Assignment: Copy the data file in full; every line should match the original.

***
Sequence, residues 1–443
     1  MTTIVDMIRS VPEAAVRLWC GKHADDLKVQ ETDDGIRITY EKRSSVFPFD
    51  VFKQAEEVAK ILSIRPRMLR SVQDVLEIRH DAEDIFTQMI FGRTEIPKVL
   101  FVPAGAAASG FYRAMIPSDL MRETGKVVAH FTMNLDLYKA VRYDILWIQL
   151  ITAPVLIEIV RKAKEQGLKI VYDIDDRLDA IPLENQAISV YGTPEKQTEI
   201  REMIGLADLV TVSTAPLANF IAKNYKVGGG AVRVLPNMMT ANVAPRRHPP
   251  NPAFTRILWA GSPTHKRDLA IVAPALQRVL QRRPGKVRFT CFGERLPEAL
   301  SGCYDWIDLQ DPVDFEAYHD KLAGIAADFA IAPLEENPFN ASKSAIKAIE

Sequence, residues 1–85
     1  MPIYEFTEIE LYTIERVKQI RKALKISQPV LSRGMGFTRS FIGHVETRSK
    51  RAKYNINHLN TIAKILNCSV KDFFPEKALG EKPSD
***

Sequence, residues 1–443
     1  MTTIVDMIRS VPEAAVRLWC GKHADDLKVQ ETDDGIRITY EKRSSVFPFD
    51  VFKQAEEVAK ILSIRPRMLR SVQDVLEIRH DAEDIFTQMI FGRTEIPKVL
   101  FVPAGAAASG FYRAMIPSDL MRETGKVVAH FTMNLDLYKA VRYDILWIQL
   151  ITAPVLIEIV RKAKEQGLKI VYDIDDRLDA IPLENQAISV YGTPEKQTEI
   201  REMIGLADLV TVSTAPLANF IAKNYKVGGG AVRVLPNMMT ANVAPRRHPP
   251  NPAFTRILWA GSPTHKRDLA IVAPALQRVL QRRPGKVRFT CFGERLPEAL
   301  SGCYDWIDLQ DPVDFEAYHD KLAGIAADFA IAPLEENPFN ASKSAIKAIE

Sequence, residues 1–85
     1  MPIYEFTEIE LYTIERVKQI RKALKISQPV LSRGMGFTRS FIGHVETRSK
    51  RAKYNINHLN TIAKILNCSV KDFFPEKALG EKPSD